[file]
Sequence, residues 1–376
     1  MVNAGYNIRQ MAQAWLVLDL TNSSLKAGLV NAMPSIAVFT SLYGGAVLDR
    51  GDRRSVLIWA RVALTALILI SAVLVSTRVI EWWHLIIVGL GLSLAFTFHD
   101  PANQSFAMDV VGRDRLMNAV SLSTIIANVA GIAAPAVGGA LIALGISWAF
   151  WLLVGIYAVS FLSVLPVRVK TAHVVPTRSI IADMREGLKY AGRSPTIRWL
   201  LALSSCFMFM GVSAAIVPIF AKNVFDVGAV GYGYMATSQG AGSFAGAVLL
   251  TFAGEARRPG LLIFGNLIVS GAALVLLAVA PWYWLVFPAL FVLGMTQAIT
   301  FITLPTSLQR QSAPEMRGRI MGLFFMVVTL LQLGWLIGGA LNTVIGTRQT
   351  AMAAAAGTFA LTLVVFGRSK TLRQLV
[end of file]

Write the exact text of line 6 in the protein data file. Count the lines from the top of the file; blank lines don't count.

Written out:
   201  LALSSCFMFM GVSAAIVPIF AKNVFDVGAV GYGYMATSQG AGSFAGAVLL